Tuesday, April 7, 2009
California public health officials are celebrating the 20th anniversary of the state's tobacco control program. While the adult smoking rate continues to decline, some say the program is losing momentum. KPBS Reporter Kenny Goldberg has more.
California's tobacco control program was launched in 1988. It's funded by a 25-cent per pack tax on cigarettes.
Since it began, the state's adult smoking rate has fallen from 22.7 percent to 13.3 percent.
Deborah Kelley is with the San Diego County chapter of the American Lung Association . She says the program is under-funded.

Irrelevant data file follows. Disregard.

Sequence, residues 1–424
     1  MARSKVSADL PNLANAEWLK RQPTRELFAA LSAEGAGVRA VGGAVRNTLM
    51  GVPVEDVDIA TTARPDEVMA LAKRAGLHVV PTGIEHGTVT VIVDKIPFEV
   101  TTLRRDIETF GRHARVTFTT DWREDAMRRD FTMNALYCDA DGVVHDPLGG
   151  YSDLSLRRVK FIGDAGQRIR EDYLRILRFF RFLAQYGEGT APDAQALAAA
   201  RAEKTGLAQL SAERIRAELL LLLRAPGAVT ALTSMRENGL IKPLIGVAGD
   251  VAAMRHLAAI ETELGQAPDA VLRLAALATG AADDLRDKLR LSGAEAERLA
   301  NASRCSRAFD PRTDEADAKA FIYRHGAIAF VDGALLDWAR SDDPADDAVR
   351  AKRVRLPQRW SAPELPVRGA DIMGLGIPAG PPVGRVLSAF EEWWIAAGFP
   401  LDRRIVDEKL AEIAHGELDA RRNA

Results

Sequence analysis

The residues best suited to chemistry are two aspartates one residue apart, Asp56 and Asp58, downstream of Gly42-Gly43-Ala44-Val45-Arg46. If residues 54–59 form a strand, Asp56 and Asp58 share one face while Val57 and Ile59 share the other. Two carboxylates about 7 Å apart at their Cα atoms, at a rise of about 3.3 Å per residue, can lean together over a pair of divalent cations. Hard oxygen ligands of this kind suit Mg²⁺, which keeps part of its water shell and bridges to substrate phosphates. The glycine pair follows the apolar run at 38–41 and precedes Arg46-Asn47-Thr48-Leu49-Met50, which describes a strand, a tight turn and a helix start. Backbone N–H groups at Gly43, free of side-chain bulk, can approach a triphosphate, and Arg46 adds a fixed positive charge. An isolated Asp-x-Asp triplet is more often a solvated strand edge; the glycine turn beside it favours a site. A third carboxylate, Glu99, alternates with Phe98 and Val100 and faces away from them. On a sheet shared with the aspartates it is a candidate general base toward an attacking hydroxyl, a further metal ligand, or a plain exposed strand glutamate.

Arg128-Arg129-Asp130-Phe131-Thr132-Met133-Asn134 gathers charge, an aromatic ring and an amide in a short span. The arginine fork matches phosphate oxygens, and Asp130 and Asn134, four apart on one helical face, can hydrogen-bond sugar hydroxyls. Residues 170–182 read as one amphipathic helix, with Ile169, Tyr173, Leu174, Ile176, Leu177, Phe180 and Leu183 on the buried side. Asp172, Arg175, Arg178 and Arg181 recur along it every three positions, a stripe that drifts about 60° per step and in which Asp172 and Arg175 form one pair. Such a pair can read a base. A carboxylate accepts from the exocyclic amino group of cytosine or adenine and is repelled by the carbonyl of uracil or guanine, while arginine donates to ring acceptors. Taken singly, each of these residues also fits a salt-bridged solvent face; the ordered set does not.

"We are not preventing enough kids from taking up the habit as we used to," Kelley says. "We're not saving as many lives, people are not quitting smoking as rapidly as they used to, so, you know, the job isn't done."
Kelley says the state should seriously consider raising the tax rate. She says 29 other states have higher cigarette taxes.
Kenny Goldberg, KPBS News.